I was taken to a room where they put a needle in for the contrast and asked more questions about metals in my body. I assured her that unless the CIA had implanted a tracking device in me, or the doctor who did my appendix surgery a year ago had left a tool in there, I was clean.

Then she said something interesting. The insurance company was only authorizing payment for the MRI on my cancerous breast. Now, I'm having this test for two reasons: to see if the cancer soup in my right breast is located in one quadrant, which would mean I could have a lumpectomy, and also to see if it's hidden in the left breast. LCIS usually shows up in both.

So, it seemed strange that they would only pay for pictures of one of the twins, but the tech assured me that they were going to do both anyway: the doctors refuse to do just one. Seems like an interesting game - insurance pays for one, knowing the doctors will do both anyway. But, really, how much more expensive is it to do both? I mean, they are right there in the machine, right? Who wins here?

Me, I guess.

So, I lie down on a table with my breasts (once again) dangling through some holes. They put a padded thing for my face that has one of those periscope mirrors in it - I'm looking down but seeing forward. Not that there is anything to see. I put my arms up, and they connect some tubing to the IV for the contrast dye - they do some films with and then some without. Then they hand me a squeeze ball that I'm to press if I need help, with a warning that they might have to start over if I do. They push a button and in I go.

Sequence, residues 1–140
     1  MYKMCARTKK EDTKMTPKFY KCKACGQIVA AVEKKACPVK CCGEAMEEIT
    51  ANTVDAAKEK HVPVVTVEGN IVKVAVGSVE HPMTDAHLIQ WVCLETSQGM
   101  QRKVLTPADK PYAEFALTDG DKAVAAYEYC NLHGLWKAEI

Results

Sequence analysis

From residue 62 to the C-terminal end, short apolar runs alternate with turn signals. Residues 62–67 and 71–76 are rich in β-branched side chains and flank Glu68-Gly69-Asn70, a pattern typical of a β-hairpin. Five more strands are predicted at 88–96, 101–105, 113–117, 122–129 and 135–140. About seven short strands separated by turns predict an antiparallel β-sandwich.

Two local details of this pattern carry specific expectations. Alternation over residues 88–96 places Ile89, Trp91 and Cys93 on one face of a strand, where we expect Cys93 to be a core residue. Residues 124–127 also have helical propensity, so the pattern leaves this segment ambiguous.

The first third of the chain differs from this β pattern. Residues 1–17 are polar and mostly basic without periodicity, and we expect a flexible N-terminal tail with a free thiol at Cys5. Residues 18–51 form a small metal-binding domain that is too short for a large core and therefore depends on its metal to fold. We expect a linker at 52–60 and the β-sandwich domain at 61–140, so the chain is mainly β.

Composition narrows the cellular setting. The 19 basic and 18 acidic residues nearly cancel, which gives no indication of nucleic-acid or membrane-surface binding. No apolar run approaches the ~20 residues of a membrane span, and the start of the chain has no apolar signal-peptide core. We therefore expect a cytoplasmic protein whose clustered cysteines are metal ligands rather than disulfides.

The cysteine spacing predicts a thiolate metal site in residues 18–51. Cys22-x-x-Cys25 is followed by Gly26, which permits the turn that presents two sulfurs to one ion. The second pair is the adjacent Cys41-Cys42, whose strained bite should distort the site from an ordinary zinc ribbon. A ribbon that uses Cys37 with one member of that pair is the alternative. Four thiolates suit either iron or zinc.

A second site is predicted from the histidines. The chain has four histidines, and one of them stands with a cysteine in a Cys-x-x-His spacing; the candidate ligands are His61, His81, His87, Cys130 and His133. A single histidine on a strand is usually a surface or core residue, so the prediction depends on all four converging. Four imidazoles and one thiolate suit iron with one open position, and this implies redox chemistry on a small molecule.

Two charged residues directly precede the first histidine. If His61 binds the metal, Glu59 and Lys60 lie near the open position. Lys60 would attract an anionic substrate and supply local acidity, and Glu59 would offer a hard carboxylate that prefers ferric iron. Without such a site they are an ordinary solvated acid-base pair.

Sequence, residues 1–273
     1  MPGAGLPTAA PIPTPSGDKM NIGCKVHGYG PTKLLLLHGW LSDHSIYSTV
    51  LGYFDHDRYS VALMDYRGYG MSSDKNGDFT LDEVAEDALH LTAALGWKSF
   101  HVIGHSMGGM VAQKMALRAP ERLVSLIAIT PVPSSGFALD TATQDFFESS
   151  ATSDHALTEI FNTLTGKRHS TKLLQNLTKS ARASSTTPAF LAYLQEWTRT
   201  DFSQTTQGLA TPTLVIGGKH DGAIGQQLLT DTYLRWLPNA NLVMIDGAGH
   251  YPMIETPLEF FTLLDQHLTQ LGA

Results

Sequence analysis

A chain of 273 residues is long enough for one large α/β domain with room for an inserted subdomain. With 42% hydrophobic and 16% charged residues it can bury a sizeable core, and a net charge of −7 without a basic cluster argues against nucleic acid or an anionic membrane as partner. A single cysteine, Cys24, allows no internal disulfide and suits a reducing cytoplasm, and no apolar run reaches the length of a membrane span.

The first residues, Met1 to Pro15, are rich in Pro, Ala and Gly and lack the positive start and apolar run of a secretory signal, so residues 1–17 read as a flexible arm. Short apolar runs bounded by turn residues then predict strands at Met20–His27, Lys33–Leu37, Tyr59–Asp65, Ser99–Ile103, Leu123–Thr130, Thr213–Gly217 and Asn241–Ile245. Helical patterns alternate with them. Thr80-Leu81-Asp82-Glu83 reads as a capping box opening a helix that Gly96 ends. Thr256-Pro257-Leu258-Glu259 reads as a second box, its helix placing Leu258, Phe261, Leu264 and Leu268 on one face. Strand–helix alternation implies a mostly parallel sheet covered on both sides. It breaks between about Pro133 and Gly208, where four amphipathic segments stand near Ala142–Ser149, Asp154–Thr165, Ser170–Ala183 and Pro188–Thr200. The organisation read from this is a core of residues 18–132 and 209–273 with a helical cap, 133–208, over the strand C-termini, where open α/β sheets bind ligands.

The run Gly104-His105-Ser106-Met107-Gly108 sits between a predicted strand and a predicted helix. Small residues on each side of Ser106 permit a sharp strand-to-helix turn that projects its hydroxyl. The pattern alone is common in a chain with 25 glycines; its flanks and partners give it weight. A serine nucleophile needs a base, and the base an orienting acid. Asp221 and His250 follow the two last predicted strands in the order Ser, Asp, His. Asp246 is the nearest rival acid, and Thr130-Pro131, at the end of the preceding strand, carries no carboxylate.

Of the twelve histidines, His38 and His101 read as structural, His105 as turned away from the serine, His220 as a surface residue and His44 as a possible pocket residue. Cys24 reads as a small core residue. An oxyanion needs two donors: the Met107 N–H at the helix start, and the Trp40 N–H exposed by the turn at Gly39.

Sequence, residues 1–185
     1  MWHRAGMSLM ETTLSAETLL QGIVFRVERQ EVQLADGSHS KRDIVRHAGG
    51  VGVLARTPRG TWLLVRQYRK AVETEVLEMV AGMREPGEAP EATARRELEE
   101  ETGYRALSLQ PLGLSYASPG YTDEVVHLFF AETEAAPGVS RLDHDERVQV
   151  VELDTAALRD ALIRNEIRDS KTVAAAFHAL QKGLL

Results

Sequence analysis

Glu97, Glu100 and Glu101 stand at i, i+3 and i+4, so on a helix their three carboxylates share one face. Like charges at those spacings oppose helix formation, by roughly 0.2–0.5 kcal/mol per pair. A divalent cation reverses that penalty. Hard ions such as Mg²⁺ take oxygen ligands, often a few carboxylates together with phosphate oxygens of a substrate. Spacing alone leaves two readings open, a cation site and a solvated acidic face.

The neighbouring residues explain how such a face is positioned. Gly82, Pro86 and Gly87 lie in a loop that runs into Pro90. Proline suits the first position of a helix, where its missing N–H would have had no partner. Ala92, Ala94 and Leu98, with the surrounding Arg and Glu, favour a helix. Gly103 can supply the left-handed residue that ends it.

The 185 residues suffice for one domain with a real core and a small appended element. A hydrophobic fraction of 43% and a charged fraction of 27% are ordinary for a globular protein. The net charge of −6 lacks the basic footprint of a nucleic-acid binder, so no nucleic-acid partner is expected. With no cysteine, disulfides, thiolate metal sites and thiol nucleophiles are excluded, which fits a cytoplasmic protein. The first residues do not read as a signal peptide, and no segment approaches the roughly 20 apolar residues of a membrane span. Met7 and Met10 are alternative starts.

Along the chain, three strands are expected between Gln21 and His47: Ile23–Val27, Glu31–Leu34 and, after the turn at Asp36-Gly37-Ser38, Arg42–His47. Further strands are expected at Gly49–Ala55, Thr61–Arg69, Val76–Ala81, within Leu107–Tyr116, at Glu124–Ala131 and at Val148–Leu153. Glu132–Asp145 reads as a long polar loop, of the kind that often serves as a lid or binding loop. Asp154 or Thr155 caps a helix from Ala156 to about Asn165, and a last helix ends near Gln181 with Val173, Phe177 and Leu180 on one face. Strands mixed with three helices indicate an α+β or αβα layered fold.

I hear some very loud clicking noises and then WOW! I thought the TV in the waiting room was bad; this noise was really loud. It was at that point I realized that they had forgotten to give me the earplugs they'd promised. At first, it was kind of cool. The sounds are super loud but interesting. Whirs and hums and clicks and sonic booms. I'm a child of the 70s, I went to lots of rock concerts and sometimes even sat in front of the speakers, so I'm fine. I pictured psychedelic patterns to the sounds.

Groovy man.

The first set of 30 seconds is over and then she tells me through her mike that the next set will be 4 minutes.

Wow. That is even louder. I mean, it's really loud. Even though it's not lecturing me on healthcare policy, I'm getting concerned. I figure after this set I'll take a chance and squeeze the ball. But, four minutes is up and then she immediately starts on the next set - 3 minutes. After than 3 minutes my ears are ringing and I'm worried about getting a migraine, but she doesn't even tell me how long the next set will be - it just starts. I was worried that it was so loud my hearing could be damaged, so the second that set was over, I push the ball quick and stay still.

She asks if I'm okay, and I say that I think I need some ear plugs.

She's shocked. "You didn't get ear plugs? I can't believe you lasted this long!" Then she tells me not to move and puts some in my ears, and tells me we don't have to start over since I'd stayed still. She goes back, does another 3 minutes which is much better, and then tells me she's going to inject the contrast dye for the last few sets.

Interestingly, she didn't come out to do the IV push - it happens automatically with some machine or something. She told me it would be cold as the stuff was injected, but I didn't feel a thing.

I'm done and it was really easy except for the loudness. Nothing hurt, nothing was scary, nothing was uncomfortable, my eyeballs are intact. Even the loudness would have been okay if I'd been sure it wasn't so loud it'd hurt my old lady ears and if I wasn't a migraine sufferer.

The doctors will get the results in three days, so Monday I will call and find out what's going on and have the results sent to me. If they find it in my left breast - that means more biopsies.

I googled MRI decibel level. Apparently, between 110 and 115. Very loud, but I won't lose my hearing along with the boobs. I'll hear the president talk another day.

Probably tomorrow, knowing Barack.